ILOAT Judgment(s): 3069
delay; inquiry; harassment; investigation
"Other than in extraordinary circumstances, the appropriate remedy for delay is an award of moral damages. [...] [I]n assessing whether a delay is unreasonable, the complexity of the matter is a relevant consideration."
moral injury; delay
Considerations 19 to 21
"It is well settled that a staff member must have access to all evidence upon which a decision concerning that staff member is based. As the Tribunal observed in Judgment 3264, under 15:
“It is well established in the Tribunal’s case law that a ‘staff member must, as a general rule, have access to all evidence on which the authority bases (or intends to base) its decision against him’. Additionally ‘[u]nder normal circumstances, such evidence cannot be withheld on grounds of confidentiality’ (see Judgment 2700, under 6). It also follows that a decision cannot be based on a material document that has been withheld from the concerned staff member (see, for example, Judgment 2899, under 23).”
It is equally well settled that a statement in a staff regulation or other internal document that a report is confidential will not “shield a report […] from disclosure to the concerned official”. Moreover, “[i]n the absence of any reason in law for non-disclosure of the report, such non-disclosure constitutes a serious breach of the complainant’s right to procedural fairness” (Judgment 3264, under 16).
The fact that the complainant did not request a copy of the report of the IAOD, which investigated her claim of harassment, is irrelevant. She was entitled to receive a copy of it. Equally, it is not an answer to say that the complainant was given a summary of the report. In addition to the fact that she was entitled to the entire report, the summary did not contain any of the evidence upon which the conclusion was based. It simply stated that “[t]he IAOD investigation has not found facts that support the complainant’s allegations or that show she was entitled to have matters requested by her approved or that she was subjected to harassment, whether through a single incident or as an on-going pattern”. The complainant was effectively precluded from challenging the factual assertions and credibility of the witnesses interviewed and was left not knowing what evidence if any should be marshalled to counter the investigator’s conclusions.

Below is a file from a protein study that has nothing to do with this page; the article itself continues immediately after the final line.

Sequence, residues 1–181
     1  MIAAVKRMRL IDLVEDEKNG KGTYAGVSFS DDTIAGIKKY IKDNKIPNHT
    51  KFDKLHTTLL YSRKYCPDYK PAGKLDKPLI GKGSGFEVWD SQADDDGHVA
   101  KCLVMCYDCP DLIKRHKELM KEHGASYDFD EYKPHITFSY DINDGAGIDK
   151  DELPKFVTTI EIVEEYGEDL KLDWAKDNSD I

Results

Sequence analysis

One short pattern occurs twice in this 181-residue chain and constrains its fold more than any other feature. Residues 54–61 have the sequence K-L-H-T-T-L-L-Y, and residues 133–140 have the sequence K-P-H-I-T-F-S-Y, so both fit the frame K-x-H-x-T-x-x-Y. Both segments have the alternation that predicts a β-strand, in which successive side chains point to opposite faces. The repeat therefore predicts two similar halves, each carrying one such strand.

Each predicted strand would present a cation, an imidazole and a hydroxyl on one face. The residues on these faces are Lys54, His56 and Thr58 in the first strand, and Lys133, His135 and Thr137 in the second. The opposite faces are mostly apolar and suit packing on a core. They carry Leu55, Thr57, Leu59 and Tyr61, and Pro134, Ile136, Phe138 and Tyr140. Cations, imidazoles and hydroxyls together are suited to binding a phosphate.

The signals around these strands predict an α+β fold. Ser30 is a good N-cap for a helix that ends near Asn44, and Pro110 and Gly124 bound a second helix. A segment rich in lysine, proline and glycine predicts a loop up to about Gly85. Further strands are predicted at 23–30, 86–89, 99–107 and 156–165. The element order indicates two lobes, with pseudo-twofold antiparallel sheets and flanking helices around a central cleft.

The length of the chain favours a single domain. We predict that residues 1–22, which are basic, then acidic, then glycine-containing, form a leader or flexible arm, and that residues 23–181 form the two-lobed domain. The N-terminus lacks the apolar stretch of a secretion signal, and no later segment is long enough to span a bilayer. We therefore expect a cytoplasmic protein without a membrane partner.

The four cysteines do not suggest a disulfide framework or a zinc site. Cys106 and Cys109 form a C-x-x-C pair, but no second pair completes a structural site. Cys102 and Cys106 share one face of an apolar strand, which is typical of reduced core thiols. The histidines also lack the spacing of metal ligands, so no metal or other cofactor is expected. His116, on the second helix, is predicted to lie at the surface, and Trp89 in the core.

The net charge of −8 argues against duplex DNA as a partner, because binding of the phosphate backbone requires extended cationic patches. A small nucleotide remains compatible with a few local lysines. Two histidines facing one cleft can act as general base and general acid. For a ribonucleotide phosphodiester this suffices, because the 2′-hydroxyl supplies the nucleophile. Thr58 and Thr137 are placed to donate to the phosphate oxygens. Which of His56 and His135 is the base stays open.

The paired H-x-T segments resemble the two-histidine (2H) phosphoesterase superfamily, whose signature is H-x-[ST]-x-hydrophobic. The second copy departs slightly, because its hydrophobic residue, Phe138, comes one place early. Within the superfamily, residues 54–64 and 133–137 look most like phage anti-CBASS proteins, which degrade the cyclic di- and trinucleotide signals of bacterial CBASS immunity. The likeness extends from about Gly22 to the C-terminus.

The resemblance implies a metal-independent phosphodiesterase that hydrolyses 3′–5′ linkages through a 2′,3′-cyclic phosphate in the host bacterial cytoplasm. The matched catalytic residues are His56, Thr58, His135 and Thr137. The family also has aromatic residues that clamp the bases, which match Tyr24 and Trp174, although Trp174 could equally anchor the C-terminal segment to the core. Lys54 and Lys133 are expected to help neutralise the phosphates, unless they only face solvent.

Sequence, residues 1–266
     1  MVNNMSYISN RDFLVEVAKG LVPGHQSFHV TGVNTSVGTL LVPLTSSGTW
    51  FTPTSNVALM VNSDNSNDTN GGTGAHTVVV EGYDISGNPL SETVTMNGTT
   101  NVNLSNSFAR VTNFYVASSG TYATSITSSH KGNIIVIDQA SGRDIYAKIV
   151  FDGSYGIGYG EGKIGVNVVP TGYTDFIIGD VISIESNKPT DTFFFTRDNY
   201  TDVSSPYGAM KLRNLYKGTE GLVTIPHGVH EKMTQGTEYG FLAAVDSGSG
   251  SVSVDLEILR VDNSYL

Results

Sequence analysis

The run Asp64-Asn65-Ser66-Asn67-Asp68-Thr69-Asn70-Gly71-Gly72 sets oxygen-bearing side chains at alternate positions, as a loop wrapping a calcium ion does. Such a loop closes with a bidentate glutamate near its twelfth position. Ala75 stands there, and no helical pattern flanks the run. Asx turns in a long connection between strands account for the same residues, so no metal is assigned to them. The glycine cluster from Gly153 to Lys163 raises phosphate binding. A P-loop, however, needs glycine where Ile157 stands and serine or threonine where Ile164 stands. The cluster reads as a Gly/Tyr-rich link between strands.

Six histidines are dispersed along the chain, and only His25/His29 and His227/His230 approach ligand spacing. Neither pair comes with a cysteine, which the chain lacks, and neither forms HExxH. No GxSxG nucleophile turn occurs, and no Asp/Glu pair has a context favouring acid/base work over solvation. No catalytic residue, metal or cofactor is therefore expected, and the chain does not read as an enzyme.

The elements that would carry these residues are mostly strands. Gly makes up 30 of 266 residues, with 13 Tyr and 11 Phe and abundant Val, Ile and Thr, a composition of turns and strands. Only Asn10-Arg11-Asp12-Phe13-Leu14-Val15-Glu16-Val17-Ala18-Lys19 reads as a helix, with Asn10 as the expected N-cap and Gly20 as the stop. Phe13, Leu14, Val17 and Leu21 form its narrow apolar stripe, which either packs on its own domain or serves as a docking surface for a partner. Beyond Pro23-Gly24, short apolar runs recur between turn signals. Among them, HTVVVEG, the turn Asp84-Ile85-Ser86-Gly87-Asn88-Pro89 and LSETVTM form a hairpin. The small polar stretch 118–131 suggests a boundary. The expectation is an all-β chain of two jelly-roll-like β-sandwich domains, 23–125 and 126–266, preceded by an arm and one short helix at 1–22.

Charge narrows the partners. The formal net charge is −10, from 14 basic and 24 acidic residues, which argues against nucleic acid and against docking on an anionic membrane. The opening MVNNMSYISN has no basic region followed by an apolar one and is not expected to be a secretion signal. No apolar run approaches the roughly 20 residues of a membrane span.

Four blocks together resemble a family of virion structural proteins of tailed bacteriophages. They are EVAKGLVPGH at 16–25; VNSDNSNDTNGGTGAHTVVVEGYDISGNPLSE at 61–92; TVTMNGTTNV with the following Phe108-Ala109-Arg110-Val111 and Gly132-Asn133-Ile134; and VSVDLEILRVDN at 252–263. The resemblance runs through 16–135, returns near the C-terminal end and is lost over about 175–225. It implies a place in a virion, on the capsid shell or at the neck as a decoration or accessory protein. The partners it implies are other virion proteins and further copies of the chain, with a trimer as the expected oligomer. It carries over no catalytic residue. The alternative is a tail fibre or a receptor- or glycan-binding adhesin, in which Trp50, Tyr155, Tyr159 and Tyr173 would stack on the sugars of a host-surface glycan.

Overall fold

As stated in the case law, a decision cannot be based on a material document that has been withheld from the staff member. In the present case, the failure to provide the complainant with a copy of the investigation report prior to the Director General taking his 25 June decision renders that decision fundamentally flawed. However, as that decision was overtaken by subsequent events, the only remedy today is an award of moral damages."
ILOAT Judgment(s): 2700, 2899, 3264
evidence; inquiry; due process; investigation